New York’s Mayor Bill de Blasio and Governor Andrew Cuomo are both eyeing the White House. Each has to convince national voters that he alone is New York’s true progressive leader. De Blasio’s ally here is Cynthia Nixon, running for governor as a left-wing contrast to Cuomo. The mayor is now putting financial resources behind her bid: the city budget, tailored last week to help Nixon, makes her case.
In many ways, de Blasio’s fifth budget looks like his first four. The city’s doing well, so de Blasio is airily spending its money. For the fiscal year that starts July 1, the mayor proposes spending $69 billion in city cash (the feds and the state contribute another $22.5 billion). In city money, de Blasio will spend $3.5 billion more than this year, a 5.4 percent increase, when inflation is only 2.4 percent.
The mayor can hike spending because tax revenues continue to pour in—an extra $1.1 billion, compared with what the city’s budget wonks expected only two months ago. Coincidentally, the mayor has determined just since February that the city needs exactly $1.1 billion in extra spending. But the mayor’s priorities and rhetoric were tailor-made for the Nixon campaign. De Blasio’s biggest spending increase is an extra $327 million for homeless hotels—though he didn’t bother even to mention it in his budget speech. Instead, he focused on education, proposing to increase school spending by $265 million—$140 million of which, he claims, is to make up for a Cuomo budget cut. Yet while overall state funding for the city is down slightly, state education spending on Gotham is up. Just ask the mayor’s budget team, which writes that the state’s “school aid increases by $334 million, or 3.3%.”
The other $125 million is to combat education inequality—and here, de Blasio offered what seemed like an odd blast from the past. “We will not let the Campaign for Fiscal Equity decision be forgotten,” de Blasio said last week. “We’re going to keep fighting . . . There’s actually growing focus on this issue even though it’s been a decade . . . not just for New York City, for the upstate cities.”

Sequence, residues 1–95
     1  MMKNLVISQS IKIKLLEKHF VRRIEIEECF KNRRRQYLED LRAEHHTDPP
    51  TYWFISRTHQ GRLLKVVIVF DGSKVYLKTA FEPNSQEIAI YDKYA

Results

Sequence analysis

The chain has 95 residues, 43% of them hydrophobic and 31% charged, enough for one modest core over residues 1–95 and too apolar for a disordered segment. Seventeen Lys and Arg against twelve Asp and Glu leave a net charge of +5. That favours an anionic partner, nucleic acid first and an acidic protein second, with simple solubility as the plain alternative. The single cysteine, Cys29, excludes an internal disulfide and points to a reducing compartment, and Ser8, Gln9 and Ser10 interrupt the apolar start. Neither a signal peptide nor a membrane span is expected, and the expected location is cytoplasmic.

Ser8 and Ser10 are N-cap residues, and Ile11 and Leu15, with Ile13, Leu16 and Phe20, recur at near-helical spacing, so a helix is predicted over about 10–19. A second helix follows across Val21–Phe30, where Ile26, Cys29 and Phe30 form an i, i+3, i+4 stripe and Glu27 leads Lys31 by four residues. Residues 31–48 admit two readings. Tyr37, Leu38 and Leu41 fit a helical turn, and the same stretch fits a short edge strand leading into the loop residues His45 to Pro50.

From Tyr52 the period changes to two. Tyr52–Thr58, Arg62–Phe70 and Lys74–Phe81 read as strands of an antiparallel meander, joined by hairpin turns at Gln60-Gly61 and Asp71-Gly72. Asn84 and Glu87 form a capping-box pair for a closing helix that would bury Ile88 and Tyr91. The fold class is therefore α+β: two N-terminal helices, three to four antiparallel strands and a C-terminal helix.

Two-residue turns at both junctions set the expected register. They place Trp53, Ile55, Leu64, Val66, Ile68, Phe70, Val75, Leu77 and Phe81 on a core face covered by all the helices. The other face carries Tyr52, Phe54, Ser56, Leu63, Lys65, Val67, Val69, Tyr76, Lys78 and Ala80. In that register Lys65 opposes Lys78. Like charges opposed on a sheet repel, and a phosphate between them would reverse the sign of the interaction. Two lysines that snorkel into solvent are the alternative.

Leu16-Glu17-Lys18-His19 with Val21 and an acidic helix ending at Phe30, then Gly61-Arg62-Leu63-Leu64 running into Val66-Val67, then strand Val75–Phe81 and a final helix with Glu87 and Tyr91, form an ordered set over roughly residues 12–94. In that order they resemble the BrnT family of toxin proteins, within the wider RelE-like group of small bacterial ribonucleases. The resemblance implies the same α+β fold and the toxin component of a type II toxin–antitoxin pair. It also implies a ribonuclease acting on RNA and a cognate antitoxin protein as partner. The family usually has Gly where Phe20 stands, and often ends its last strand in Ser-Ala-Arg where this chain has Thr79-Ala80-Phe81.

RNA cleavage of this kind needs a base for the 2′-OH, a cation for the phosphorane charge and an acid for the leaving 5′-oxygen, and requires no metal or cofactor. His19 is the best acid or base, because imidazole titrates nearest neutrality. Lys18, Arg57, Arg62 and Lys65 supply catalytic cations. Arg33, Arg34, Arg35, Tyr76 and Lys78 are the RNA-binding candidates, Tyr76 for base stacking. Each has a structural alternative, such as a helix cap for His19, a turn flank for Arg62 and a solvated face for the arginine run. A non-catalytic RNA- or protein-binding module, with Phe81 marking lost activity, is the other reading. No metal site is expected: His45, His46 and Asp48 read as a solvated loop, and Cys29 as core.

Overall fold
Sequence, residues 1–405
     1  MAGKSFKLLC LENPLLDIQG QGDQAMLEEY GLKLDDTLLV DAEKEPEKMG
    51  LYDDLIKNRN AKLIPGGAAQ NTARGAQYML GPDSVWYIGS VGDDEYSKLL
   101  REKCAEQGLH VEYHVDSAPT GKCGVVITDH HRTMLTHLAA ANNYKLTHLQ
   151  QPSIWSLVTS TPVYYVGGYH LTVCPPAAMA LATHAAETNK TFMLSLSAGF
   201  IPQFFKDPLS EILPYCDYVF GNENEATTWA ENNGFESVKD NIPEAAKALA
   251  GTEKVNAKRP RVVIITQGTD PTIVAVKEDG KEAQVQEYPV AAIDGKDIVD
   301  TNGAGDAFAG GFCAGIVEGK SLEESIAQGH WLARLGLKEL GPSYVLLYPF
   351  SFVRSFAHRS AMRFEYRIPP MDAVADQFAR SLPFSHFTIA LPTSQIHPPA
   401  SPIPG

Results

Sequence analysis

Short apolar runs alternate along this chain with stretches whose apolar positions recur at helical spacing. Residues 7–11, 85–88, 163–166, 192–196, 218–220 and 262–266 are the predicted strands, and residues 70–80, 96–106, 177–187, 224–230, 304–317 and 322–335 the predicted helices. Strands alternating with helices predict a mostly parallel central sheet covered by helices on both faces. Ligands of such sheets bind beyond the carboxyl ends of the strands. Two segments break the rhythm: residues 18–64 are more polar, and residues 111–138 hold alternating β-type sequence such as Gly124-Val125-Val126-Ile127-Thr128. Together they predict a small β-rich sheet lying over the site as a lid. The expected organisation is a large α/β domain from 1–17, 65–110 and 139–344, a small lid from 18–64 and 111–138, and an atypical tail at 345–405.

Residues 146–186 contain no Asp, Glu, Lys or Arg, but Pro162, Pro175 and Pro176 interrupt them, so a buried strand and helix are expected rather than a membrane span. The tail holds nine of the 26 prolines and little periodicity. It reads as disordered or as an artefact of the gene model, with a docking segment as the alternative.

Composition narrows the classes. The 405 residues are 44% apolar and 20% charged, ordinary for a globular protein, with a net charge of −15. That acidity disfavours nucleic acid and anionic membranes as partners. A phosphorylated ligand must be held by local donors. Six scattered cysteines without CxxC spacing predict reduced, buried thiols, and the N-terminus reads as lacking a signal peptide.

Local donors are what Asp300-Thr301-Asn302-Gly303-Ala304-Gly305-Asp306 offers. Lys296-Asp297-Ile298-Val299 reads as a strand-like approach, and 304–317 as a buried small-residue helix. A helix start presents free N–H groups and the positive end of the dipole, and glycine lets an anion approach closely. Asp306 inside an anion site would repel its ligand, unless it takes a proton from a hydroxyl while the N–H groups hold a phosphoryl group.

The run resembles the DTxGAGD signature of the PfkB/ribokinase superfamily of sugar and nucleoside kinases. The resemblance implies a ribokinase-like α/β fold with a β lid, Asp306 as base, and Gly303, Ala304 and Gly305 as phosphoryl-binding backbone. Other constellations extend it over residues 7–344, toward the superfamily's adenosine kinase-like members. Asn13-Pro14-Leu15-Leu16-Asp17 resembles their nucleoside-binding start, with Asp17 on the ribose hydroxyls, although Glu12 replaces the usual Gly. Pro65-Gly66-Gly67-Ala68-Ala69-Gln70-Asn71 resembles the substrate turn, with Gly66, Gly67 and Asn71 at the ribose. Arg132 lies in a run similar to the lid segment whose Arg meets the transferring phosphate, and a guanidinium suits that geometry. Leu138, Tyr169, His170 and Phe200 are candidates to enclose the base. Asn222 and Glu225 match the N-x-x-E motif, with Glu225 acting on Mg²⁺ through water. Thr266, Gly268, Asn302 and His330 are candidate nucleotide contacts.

The mayor is referring here to a 12-year-old lawsuit by education advocates against the state, in which the high court agreed that all students are entitled to state funding sufficient for a “sound, basic education.” Since then, though, the city’s education spending has grown 44 percent, to a whopping $32.2 billion—nearly $30,000 per child. City, state, and federal funding continue to rise. If there’s a problem here, it’s not money.
Why not let the new schools chancellor take a few months to look at the budget and see what’s working and what’s not? And what’s the sudden new interest in upstate cities? Answer: Nixon’s platform is all about education inequality—based, coincidentally, on the same Campaign for Fiscal Equity lawsuit that almost nobody besides her and the mayor talks about these days. She has said that Cuomo “just pretends that CFE was all over and we wouldn’t have to worry about it anymore,” and that “to have him just lie about it” spurred her run. De Blasio’s proposed budget, then, gives Nixon another talking point: the mayor is trying hard to make sure that school spending is equal, but the governor doesn’t care about poor students.
De Blasio’s newfound interest in the Campaign for Fiscal Equity makes his new budget a little different from past ones. Before, he made the city council happy by never making any choices: everyone got what they wanted. This time, he’s made a choice. In increasing money for education, he’s decided not to fund a pet proposal of new city council speaker Corey Johnson: a program under which about 800,000 poor New Yorkers could pay half-price fares to ride the subway. The “fair fare” idea has some problems—for one thing, it should apply only to people who are working, or looking for work. It’s arguable, though, that it would be more productive to help poorer New Yorkers get to work than to see more money get lost in the Department of Education bureaucracy.
Johnson won’t give up the fair-fare proposal without a fight. So now, he’s the third man involved in the Cuomo vs. de Blasio duel to determine who is New York’s most progressive of them all.
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